The target has four possible rules: close, redirect, run and write. Of these, all except for the close rule take parameters that are expanded using the matching sub-expressions and/or route tokens derived when matching the route pattern.

Target rule parameters can use "${token}" to be replaced with the value of the token. Target rule parameters can also use "$N" to be replaced with the Nth matching sub-expression, "$&" to be replaced with the entire matched pattern, "$`" to be replaced with the portion that precedes the matched pattern and "$'" to be replaced with the portion that follows the matched pattern. For example:

Target write 200 "Running controller ${controller} action ${action}\n\n"

This will write the message back to the client with a HTML status code of 200. See the httpSetRouteTarget API for full details regarding possible tokens.

Note: to be more secure, the write rule will escape embedded HTML sequences. If you need to emit HTML, use the -r switch for raw write output.

Prefix Removal

If Appweb is running several applications, it will need to be able to route and distinguish requests for each application. There are two primary ways to achieve this: run each application in a separate virtual host or uniquely prefix the URIs for each application. If using the latter approach, routes can be defined for each application that specify the URI prefix for each application. However, it is often convenient to have the application prefix removed from the URI once the route is selected. The Prefix directive defines a URI prefix that will be stripped from the start of the request URI once the route is selected. If the route defines a header, form or condition that is not satisfied, the prefix is restored to let other routes see the full URI.

Route Examples

Redirecting Old URIs

To redirect requests for old documents to newer versions:

<Route ^/public/oldFile.html$>
    Target redirect 302 /public/newFile.html

Authenticating Private Content

To secure private content :

<Route /private/ >
    Documents /private-docs
    AuthType digest
    AuthName "Top-Secret"
    Require valid-user

Serving Compressed Content

This example enables the serving of compressed content where an equivalent compressed document exists. i.e. A request for /manual/overview.html may return /manual/overview.html.gz if it exists. If there is no compressed content, the uncompressed version is returned.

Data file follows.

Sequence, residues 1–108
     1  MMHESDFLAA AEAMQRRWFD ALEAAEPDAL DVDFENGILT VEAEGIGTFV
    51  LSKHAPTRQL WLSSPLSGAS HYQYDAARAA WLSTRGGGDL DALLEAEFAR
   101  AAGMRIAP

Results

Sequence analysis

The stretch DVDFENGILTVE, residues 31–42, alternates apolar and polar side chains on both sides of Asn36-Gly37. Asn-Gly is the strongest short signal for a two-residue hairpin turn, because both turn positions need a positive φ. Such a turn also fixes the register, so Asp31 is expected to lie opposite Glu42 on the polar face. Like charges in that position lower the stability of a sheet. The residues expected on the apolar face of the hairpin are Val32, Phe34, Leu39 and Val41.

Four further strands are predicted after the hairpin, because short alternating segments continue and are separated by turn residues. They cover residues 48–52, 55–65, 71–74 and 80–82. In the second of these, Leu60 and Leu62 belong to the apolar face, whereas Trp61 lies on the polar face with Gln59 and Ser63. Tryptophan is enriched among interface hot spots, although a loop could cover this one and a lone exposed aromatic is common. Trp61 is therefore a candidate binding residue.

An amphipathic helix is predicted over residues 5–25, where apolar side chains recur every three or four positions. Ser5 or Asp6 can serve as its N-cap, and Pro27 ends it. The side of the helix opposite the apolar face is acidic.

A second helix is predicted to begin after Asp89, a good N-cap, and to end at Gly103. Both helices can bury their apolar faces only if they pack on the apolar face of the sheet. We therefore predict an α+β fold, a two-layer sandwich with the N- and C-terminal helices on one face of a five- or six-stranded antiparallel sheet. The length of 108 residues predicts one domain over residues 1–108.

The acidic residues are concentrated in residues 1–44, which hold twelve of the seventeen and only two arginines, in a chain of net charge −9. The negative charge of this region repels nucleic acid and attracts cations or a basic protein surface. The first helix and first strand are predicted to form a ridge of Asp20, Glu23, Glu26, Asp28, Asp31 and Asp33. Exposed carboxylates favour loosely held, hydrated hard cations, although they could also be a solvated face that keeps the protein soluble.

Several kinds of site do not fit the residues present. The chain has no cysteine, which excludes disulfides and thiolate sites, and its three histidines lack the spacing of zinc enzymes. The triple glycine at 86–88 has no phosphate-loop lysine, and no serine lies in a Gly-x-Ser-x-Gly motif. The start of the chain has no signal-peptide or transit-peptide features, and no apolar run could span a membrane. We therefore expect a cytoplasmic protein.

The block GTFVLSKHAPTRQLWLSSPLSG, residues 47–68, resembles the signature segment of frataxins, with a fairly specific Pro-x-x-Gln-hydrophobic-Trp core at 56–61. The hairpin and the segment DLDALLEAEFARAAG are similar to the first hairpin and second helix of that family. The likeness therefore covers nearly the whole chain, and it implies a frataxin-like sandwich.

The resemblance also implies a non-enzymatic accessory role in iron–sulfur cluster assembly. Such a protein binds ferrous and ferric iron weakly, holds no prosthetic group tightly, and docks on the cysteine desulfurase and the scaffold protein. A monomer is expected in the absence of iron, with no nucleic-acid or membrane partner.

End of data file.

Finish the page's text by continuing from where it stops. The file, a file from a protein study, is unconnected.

<Route ^/manual/ >
    Compress gzip

Multi-Language Content

This example stores English content under the "english-docs" directory and French under the "french-docs" directory. The client's browser should include an Accept-Language header which stipulates which language is preferred. If the accept header is missing or the requested language is not English or French, then the DefaultLanguage directive indicates that english content should be returned.

<Route / >
    DefaultLanguage en
    AddLanguageDir en /path/to/english-docs
    AddLanguageDir fr /path/to/french-docs

Multi-Language by Suffix

This example stores content for all languages together and includes a language suffix to the request document filename. If the client requested a French version of home.html, then the document would be served.

<Route / >
    DefaultLanguage en
    AddLanguageSuffix en en before
    AddLanguageSuffix fr fr

Application Isolation

To group routes for an application, enclose in a Route block and use a Prefix directive to remove the application prefix.

<Route /manage/ >
    Prefix /manage
    Documents manage-app
    SetHandler espHandler
    <Route /manage/{controller}/{action}>
        Target run ${controller}-${action}

Denial of Service Protection

To immediately close a connection without responding use the Target close directive.

<Route /hacked-url/ >
    target close

Missing File

To match a missing document without redirection:

<Route / >
    Condition ! exists ${request:filename}
    Target run /missing.html